When you’re just starting out as a freelancer and/or starting a new business, like I am, your life may resemble the following scenarios. Do not be alarmed, offended or confused by the use of second-person point of view. I am definitely talking about myself here, but hope that maybe I’m talking about some of you, too.
First you learn! You learn so much your face hurts. You buy 12 industry-specific books on Amazon and purchase packs of flash cards or Post-its, and you underline, highlight, bookmark, Pocket, Evernote, screenshot, categorize, tag and promise yourself you’ll come back to “savory millet recipes from Eastern Asia” or “biodegradable food packaging design” on Sunday (because brunch is for basics).
You send a mass email out to your entire list of 1,342 Google Contacts. You give everyone your elevator pitch, which you’ve by now pitched in actual elevators. You ask for email intros and you try not to watch your inbox like TV.
Productivity hacks, you guys! You download to-do apps by the dozen and test your schedule until your app knows when you’ll have to pee before you do. Life is amazing. Technology is life.
You buy Adobe Creative Cloud and Google Apps for Work and you fire up a Squarespace page and spend 12 hours researching tetrade colors schemes because hashtag brand hashtag design. You create an “about page” and convince yourself that soooooo many people are going to click on it and become engrossed in it and read the footnote quote and think you are so clever it hurts.
You sign up for 6am spin classes and 7:45am Tabata classes because momentum. Your triceps and calves aren’t going to carve themselves. And when you sweat you feel SO alive and you also have time to take a proper shower back at your apartment instead of elbowing all the naked people accidentally. Because you don’t have to go to an office after your workout, you can sit with wet hair and watch your inbox.
Emails! Answered. You’re a machine! (Seriously, though, a machine could never come up with such a pithy email signature since “cheers” and “best” no longer actually mean anything and plus, hashtag branding).
After a week or two of this, you get a lead who might want to hire you. And you remember you need an accountant! And an LLC! And a lawyer. And Official Documents and maybe even a heavy pen with your initials on it. So you spend a few hours in Quora researching (face hurts!) before going with your original plan to email your dad and ask what to do. He always knows. Dads know.
Maybe some additional minor edits to your Squarespace page. Check email. Yoga. Snack. Maybe a 4pm pedicure (but you’re reading a business book during the pedicure so it’s ok! You totally don’t feel guilty. This is your life and you are part of the gig economy. You are DOING THINGS.) You maybe fall asleep a little bit. It’s ok.
Attend some industry events. Link-in with people and whatnot. (Invent verbs). “Catch up” with all kinds of people, from those whose brains and skills you deeply admire to those who are maybe 4 degrees removed from people you actually want to meet. The world is a universe of possibility! Your non-spam, non-news, non-promotional inbox? Maybe not an entire universe; maybe only a planet.
Commit to not eating dark chocolate until 4pm. You respect yourself.
You are entertaining three different ideas or projects or business concepts and they all begin to overwhelm you. Your elevator pitch has been elevated to all elevator riders. You wake up thinking about successful businesses or brands or people and wonder why everyone else’s hashtag brand seem to be hashtag killing it and yours is like this little seed still at the very bottom of the ground and the water hasn’t even reached it yet, and no one knows it exists and they walk on it and don’t even realize it and sometimes you walk on it and don’t even realize it.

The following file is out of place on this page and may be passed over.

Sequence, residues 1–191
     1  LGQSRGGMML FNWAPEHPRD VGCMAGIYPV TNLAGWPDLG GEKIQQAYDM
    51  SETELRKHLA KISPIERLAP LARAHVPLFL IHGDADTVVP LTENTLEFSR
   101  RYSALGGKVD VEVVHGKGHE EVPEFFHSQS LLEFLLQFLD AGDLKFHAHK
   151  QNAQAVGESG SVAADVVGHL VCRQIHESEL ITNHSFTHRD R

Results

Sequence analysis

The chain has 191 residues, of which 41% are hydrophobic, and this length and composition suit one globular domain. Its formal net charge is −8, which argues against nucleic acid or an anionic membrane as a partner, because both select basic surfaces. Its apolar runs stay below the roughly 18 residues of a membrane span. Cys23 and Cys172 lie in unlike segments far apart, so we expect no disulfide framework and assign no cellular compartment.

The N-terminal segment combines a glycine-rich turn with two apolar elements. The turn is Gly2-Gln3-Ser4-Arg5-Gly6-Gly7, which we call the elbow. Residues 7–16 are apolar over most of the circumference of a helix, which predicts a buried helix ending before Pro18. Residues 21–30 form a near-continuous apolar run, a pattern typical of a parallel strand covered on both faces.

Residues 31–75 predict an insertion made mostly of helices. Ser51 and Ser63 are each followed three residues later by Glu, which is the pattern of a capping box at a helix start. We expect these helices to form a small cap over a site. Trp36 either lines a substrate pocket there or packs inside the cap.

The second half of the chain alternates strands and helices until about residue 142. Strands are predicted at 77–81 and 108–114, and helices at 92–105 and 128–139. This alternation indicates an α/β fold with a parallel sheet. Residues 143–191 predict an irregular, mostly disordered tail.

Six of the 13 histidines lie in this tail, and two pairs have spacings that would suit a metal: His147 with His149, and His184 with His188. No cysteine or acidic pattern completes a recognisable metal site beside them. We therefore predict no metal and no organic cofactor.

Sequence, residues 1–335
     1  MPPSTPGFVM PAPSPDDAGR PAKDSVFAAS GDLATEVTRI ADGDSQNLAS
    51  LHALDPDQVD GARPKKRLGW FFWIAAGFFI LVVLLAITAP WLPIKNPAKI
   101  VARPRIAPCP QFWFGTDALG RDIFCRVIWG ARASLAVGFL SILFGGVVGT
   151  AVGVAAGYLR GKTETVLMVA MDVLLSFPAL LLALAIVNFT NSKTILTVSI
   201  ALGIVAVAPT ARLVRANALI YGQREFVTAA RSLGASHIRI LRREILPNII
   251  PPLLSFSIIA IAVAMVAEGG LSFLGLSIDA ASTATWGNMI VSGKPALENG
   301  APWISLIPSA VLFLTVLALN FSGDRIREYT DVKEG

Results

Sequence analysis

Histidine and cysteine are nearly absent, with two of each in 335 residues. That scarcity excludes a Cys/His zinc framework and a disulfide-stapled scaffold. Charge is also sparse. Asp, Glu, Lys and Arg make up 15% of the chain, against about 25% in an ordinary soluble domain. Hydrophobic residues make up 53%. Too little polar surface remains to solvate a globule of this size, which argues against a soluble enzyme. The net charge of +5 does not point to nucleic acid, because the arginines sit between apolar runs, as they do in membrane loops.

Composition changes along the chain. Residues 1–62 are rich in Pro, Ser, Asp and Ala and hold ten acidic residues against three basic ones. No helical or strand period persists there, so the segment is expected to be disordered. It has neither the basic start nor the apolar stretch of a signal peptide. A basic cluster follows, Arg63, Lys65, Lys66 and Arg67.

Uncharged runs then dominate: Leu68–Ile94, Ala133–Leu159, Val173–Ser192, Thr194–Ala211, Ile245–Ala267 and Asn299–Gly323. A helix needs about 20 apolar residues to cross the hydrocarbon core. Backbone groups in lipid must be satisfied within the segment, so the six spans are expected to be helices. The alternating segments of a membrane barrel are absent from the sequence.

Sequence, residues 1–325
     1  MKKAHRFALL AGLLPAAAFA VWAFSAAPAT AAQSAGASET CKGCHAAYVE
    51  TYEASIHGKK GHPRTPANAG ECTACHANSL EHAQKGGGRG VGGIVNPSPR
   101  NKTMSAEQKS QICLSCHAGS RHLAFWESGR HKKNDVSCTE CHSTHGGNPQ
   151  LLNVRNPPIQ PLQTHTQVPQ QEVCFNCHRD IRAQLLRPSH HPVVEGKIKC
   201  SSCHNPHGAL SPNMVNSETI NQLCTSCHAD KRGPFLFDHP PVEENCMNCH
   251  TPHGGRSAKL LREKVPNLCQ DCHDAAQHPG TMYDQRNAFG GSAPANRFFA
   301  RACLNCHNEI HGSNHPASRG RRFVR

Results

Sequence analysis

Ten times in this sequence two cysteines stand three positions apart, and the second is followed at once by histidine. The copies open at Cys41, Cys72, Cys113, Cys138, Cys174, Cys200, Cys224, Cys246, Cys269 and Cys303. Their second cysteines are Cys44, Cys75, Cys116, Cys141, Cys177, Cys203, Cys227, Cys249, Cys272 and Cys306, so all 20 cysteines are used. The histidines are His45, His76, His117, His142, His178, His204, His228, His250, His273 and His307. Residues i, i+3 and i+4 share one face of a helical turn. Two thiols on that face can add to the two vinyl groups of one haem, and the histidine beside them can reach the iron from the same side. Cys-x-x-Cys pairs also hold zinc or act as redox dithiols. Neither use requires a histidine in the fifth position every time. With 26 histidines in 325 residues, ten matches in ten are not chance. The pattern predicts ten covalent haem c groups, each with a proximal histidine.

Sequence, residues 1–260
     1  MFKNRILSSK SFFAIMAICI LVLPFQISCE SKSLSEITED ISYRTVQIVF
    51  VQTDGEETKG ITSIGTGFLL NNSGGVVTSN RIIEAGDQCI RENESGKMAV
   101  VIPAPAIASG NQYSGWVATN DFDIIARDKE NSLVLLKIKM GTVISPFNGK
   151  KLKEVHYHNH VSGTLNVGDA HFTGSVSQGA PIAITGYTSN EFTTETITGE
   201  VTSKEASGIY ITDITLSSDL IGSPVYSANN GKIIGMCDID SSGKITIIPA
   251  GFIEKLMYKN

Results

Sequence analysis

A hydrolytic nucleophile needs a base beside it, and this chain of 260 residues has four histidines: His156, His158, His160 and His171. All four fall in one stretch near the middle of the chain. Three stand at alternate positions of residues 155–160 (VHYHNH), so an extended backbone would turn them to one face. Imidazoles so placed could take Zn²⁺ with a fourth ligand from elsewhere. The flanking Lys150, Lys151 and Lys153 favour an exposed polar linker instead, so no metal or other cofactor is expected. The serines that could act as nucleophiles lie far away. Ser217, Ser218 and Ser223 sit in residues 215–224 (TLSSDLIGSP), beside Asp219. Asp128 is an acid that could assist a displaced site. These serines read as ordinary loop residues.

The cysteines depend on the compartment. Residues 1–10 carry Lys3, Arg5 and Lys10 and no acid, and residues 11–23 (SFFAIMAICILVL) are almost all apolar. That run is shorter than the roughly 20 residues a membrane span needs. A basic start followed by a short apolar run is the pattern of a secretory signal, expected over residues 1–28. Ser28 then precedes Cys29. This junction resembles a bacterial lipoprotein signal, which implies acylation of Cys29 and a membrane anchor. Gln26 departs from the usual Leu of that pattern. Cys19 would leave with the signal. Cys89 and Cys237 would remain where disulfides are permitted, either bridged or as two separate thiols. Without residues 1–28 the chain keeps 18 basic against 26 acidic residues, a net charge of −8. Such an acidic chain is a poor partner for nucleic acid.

Along with your sanity, it’s clear you’ve lost any ability to form coherent extended metaphors.
You think maybe this swirling of ideas and emotions and concepts and inklings and hunches are just way too much for you to handle. You need structure. You thrive when you’re given certain constraints and right now the world feels massive and endless and unlimited. How are you supposed to mold clay into a masterpiece when you feel like the clay is everywhere you look? Should you just take a nap or go to yoga? Should you quit?
Epiphany! Light Bulbs! Breakthroughs! Etc.
No, please don’t quit. Here’s what you do, right now, no app needed: sit down, and do something productive. Stop checking your email. Stop checking Twitter. Stop scrolling through Instagram or you will feel worthless and slow and tasteless and placeless and boring. You craft your pitch, you resist rabbit holes, and define what you want to get out of your research. And if the going is slow and people aren’t responding to your emails, you go to McNally Jackson or another local magazine shop and pick up weird magazines and get inspired.
Read about interesting people and take notes and look up the people who inspire them. Create a universe of inspiration for yourself and live in that universe instead of the one with Instagram sunsets and self-doubt. Talk to people in line at the coffee shop or bookstore and peek into another life or mind. Do some cold outreach to people who are “hashtag killing it” at what you want to do. Tell them they inspire you. They might respond and they might also be too cool—and that’s okay, too.
Get sleep. Exercise. Check emails at a normal interval. Limit yourself to one to-do list. Set real deadlines for yourself and do them. Inspire yourself. Learn. Read. Follow-up with potential clients and cold outreaches and friends. And when you feel like you’re going to cry ploppy tears or punch walls or shut down, write a Medium post about being a freelancer, or email me, and we can talk.